Norman Doidge tells about the amazing possibilities for healing by using neuroplasticity.
It was a fine, quiet morning early in January 1996. When I woke up, I noticed a high-pitched sound in my left ear. This wasn’t all that worrying — a couple of times every year, I would hear such a sound for five or ten seconds, and then it went away. This time was different. The sound continued indefinitely. It was a pure tone, continuous, and was there whenever I checked. Little did I know that checking to hear whether the sound was there was the worst thing I could do.
This was tinnitus, the term for ringing in the ears. Some people have multiple tones, or thumping or rumbling sounds. Some have it so bad their lives are ruined; a few commit suicide to escape the condition.
My case was minor by comparison, but still distressing. As an amateur musician, I value my hearing greatly. My doctor said I would just have to accept it, as nothing could be done.
A few weeks later, there was a new, additional sound, louder and lower pitched, in my right ear. I felt sick to my stomach. I believed the standard view that tinnitus is irreversible and potentially progressive, getting worse with time. Luckily the second sound went away after an hour.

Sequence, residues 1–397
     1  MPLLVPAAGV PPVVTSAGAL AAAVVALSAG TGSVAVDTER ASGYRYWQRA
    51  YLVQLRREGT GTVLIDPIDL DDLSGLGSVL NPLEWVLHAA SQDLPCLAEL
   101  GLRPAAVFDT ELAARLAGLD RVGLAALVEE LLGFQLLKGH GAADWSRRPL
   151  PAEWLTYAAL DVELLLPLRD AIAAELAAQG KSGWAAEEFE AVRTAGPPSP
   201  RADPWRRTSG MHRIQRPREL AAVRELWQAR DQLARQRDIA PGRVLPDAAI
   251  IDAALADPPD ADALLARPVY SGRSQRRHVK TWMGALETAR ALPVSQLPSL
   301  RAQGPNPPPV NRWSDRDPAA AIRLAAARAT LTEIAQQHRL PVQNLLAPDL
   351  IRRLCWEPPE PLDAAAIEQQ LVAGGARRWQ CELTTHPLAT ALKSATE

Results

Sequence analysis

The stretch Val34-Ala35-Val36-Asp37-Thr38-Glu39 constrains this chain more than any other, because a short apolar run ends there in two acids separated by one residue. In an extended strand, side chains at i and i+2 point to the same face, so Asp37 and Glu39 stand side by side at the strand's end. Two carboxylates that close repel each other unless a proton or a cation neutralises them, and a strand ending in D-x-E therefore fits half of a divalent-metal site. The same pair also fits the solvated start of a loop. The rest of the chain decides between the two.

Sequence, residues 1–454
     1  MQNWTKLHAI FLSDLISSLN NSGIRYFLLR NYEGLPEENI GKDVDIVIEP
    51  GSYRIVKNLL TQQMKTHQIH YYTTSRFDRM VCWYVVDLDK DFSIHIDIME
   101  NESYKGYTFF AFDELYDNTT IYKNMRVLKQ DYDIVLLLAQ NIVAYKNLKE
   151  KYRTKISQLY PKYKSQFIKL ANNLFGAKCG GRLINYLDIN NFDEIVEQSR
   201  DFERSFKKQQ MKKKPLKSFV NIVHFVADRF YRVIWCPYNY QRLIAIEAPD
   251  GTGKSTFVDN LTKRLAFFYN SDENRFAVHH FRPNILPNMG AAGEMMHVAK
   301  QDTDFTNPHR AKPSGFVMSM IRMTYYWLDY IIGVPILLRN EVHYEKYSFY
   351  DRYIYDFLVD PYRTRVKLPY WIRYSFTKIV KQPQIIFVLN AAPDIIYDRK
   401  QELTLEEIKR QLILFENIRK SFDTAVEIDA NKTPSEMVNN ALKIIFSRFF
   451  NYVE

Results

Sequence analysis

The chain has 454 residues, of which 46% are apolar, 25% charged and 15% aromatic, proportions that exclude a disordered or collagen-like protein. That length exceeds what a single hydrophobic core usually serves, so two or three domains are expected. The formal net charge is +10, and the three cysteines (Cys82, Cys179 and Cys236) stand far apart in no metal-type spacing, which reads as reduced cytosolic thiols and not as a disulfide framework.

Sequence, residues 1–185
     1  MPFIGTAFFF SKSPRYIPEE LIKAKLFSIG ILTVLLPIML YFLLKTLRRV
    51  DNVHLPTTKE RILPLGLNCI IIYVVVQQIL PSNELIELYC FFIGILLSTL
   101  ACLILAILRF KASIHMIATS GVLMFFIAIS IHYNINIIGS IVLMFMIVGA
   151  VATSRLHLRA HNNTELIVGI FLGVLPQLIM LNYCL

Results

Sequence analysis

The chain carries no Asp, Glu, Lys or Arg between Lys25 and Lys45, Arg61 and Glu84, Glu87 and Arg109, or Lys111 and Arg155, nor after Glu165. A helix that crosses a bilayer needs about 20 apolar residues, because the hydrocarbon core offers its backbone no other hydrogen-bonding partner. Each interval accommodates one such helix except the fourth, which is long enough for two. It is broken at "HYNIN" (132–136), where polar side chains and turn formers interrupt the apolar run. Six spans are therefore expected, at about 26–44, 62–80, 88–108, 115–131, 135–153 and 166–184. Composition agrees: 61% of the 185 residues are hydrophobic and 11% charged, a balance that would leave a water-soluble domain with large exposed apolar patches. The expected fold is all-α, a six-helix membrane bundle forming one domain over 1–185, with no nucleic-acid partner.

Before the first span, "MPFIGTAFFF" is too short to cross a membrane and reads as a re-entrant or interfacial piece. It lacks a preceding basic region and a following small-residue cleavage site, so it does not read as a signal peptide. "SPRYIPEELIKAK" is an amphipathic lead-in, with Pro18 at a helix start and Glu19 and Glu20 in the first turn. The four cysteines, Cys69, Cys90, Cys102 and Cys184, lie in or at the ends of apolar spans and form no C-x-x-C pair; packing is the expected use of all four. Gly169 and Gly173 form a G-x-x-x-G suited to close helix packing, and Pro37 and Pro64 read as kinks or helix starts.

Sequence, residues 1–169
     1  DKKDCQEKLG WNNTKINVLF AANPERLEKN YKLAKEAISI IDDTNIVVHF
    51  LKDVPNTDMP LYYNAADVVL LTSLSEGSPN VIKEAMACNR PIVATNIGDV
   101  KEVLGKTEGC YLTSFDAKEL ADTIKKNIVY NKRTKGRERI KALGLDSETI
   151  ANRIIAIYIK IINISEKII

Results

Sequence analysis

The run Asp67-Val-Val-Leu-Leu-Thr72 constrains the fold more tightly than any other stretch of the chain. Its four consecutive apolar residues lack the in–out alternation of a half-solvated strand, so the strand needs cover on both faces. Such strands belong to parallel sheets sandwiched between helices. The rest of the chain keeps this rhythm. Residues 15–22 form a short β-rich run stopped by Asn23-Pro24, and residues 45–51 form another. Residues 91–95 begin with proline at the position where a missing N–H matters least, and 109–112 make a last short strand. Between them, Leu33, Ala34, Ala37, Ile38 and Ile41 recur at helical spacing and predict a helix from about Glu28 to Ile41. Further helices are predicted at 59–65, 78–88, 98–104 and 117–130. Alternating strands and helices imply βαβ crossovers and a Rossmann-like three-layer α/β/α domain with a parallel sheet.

Then, fortuitously, I heard an interview on the radio with a scientist who described a new treatment for tinnitus. I looked it up on the web: “tinnitus retraining therapy.” What I picked up was the idea that tinnitus is not a problem in the ear but rather in the brain. All the time there are signals going from the ear to the brain, for example from blood flowing through the eardrums, but normally the brain treats these signals as irrelevant, and does not bring them to conscious attention.
However, occasionally these routine signals are treated as a source of alarm and raised to consciousness. My brain was treating this high-pitched tone as something to be noticed — and I did. Tinnitus retraining therapy is based on changing the brain’s response.
Apparently if you are put in a soundproof room for an hour, there is a 90% chance you will develop tinnitus — the brain is constantly monitoring sound inputs, and when there are none externally, it starts to pay attention to internally generated signals. This helps explain why people with hearing impairment are more likely to suffer from tinnitus.